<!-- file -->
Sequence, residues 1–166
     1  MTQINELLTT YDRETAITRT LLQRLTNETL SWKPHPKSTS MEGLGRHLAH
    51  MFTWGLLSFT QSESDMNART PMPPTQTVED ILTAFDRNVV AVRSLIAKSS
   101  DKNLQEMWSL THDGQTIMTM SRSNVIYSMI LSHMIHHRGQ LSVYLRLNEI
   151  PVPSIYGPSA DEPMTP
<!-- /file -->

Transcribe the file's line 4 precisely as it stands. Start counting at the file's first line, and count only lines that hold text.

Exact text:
   101  DKNLQEMWSL THDGQTIMTM SRSNVIYSMI LSHMIHHRGQ LSVYLRLNEI